Archive for the ‘Guatemala’ Category

Frijoles, Otra Vez

As I looked down at my plate this evening, I knew we were in for another fun night in the Cobell-Silva room.  !Frijoles, otra vez! (Beans, again!)  Like many Latin American countries, rice and beans tend to adorn the table quite often, and Guatemala is no exception.  With almost two weeks here under our belts, we have likely eaten an average of two meals per day with beans as the main event.  Frijoles para desayuno (breakfast).  Frijoles para almuerzo (lunch).  And almost a requirement here in Guatemala, is a bowl of sopa de frijoles negro para la cena cada noche (black bean soup for dinner, every night).  Don’t get me wrong, the food here is actually quite lovely, and our homestay family spoils us with fabulous meals.  However, there is a reason why they call ‘em a “musical fruit,” and to be honest, our stomachs are just plain tired.

– We had the privilege of riding the infamous “chicken bus” yesterday.  You may wonder what exactly this could be.  Imagine a bunch of U.S. retired high school buses, repainted with bright colors and strong religious reminders across the sides (think red flaming letters with the phrase “God is the only way”), with large black clouds of diesel smoke farting out the back (hmmm…must’ve had beans for dinner), and a short Guatemalan man yelling out “Guate”  “Guate”.  For both of us, it was like going back in time.  Our many years taking the bus to school came rushing back, but for some reason, the seats on the bus seemed much smaller.

– Our last day of school was today.  We tried to be very American, and blow off all the work we needed to do (I mean, geez, it IS the last day of school and all) but our maestros (professors) were not about to let us off.  So we studied more, and then took them out for a café and shared some of our RTW photos with them – all narrated in Spanish of course.  It has been such a highlight for me to watch my husband learn Spanish on this trip.  He never ceases to amaze me.  I mean, even in his broken basic Spanish my husband can light up any room.  And I can’t take my eyes off of him.  He has learned so much in such a short time – wonderful.

Maestros Jorge y Lorena

– We leave Guatemala tomorrow.  I have made sure to add frijoles to my repertoire along with my new Spanish skills as we return home.  I guess you know now what to expect when you get invited to our house for dinner!

Views from Antigua

Views from Antigua


Read Full Post »

Cara in traditional Mayan wedding dress

Casey in his traditional Mayan marriage attire

The happy couple

First comes love, then comes marriage, then comes...

Time to get to work...

...and off to church.

Taking tortilla lessons from a master

Our ride back to Antigua

Read Full Post »

Read Full Post »

The “Mo” Nod

Cara outside our house in Antigua

We are in Antigua, Guatemala and loving the temperate climate, mountains that embrace us from all sides, warm and intriguing people, hot showers, greater purchasing power, a wonderful host family, and a good school experience that is propelling us down the road towards a solid command of the Spanish language.  Well, for Cara at least.  As for me, I still heavily lean on the technique we’ve coined “The Mo Nod.”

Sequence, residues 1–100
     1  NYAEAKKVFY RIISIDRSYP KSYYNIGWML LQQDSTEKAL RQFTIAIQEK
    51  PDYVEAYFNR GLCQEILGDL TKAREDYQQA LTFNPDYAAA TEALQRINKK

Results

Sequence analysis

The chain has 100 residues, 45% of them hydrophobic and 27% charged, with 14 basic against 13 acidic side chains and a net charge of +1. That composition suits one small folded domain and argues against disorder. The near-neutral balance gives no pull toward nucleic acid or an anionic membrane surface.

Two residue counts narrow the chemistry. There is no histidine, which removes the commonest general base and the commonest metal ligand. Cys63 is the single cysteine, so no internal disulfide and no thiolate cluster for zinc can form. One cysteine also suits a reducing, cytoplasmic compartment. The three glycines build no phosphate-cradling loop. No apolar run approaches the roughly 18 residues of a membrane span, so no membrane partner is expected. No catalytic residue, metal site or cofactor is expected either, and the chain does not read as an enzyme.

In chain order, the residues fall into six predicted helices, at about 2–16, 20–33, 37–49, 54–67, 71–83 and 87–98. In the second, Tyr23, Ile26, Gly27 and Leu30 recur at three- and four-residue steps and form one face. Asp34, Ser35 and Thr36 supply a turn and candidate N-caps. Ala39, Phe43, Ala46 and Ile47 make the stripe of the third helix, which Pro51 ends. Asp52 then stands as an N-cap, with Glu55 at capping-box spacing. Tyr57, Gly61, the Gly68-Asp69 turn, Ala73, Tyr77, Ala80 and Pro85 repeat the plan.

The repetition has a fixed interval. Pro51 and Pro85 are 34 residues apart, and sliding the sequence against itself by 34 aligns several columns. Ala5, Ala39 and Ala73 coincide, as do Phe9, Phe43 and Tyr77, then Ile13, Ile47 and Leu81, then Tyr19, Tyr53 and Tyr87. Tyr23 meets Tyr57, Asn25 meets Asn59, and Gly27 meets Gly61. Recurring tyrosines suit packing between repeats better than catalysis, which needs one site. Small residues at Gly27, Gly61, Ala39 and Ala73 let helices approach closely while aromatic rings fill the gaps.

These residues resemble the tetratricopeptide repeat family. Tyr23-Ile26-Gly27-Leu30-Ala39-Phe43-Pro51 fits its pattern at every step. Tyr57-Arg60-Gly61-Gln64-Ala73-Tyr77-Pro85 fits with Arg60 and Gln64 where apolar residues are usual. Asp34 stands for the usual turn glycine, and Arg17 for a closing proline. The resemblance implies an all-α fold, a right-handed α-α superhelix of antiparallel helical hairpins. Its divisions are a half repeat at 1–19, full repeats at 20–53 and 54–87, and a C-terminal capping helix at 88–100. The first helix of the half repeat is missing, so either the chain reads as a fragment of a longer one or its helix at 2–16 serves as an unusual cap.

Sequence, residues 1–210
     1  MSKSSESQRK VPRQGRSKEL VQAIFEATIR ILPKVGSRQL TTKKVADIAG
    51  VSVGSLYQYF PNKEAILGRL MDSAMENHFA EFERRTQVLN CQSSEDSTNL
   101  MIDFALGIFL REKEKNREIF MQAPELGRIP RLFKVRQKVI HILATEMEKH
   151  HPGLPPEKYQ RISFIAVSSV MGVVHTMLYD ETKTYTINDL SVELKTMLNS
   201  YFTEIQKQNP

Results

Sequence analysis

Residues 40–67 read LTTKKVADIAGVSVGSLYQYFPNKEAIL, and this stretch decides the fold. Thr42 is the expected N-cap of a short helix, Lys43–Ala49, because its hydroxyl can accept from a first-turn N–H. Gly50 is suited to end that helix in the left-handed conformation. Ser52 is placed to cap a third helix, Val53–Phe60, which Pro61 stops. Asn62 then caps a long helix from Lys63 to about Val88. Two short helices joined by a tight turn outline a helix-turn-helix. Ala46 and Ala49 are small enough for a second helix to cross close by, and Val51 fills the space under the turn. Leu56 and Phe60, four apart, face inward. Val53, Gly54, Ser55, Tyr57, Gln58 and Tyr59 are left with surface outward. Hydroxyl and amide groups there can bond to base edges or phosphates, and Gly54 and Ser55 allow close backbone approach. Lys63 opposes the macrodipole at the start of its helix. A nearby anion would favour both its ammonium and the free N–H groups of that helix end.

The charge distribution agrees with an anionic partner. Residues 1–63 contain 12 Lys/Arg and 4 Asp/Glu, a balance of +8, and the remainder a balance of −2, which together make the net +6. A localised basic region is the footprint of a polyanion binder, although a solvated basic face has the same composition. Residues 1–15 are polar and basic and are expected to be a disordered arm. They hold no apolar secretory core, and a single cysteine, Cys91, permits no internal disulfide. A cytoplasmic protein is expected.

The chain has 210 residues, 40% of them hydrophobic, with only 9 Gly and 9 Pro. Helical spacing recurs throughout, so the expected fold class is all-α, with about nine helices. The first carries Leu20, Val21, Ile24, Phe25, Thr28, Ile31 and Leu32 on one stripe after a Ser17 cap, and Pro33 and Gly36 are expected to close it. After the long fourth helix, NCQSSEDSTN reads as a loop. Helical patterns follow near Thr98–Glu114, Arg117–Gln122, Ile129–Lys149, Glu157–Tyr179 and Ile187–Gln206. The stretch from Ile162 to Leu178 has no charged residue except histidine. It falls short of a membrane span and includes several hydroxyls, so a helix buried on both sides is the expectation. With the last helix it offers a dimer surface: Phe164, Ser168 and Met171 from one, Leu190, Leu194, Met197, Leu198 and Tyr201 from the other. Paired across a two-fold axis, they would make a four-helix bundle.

The “Mo Nod” is a deflection (some would say self defense) technique when presented with a situation where you don’t fully understand what the other person is saying but can marginally follow it because you weakly grasp the context.  I have employed this technique for many years.  It’s only now that I have an adequate name for it.  It goes without saying that I employ the Mo Nod often here in Latin America, most notably with my very patient Spanish teacher.

Some of our neighbors who aren't going to school today

The name “Mo Nod” comes from our friend Mo Glass.  Mo coined the phrase some years ago while on one of his adventures in a foreign country where he was, most likely, destitute and living in someone’s barn.  Getting there, no less, by giving the farmer the Mo Nod when confronted while trespassing.  But nonetheless it works and I’ll be the first one to admit that with Spanish I need all the help I can get.

Today Cara told me she thinks it’s cute watching me speak Spanish.  That’s wife-speak for my Spanish is still in the early development stage.  But she will be the first one to acknowledge: I’m actually speaking the language.  And native speakers can actually understand (sort of) what I am trying to say.  This is a huge departure from where I’ve been all these years I thought I was communicating in Spanish.  All those times – college trips, weddings, motorcycle adventures – I was brutalizing the language.  Now I understand why I always got the kind smile followed with a confused “Como?”

My beautiful wife

Learning Spanish here in Latin America has been much more enjoyable – and inspiring – than I expected it to be.  I would say that learning a language in an immersion experience is the best way (maybe only way) to really get it to sink in.  Tonight I fumbled through a complete sentence while talking with our host family and they actually understood what I said – they even replied with an enthusiastic “muy bien!”  That wouldn’t have happened in three weeks of Spanish classes in the States.  Being forced to speak a language you are just learning is a great way to incentivize the memorization process.  Unintentionally ordering cow tongue soup once is too many.

So I’m happy to say the Mo Nod is slowly being replaced with a look of recognition and the ability to communicate with more than grunts and hand gestures.  I have my wife to thank for this, and we plan to speak Spanish at home and even bring our kids up speaking Spanish.  But the Mo Nod still has a place in my life.  I plan to learn French next.

One of the many beautiful doors in Antigua

Read Full Post »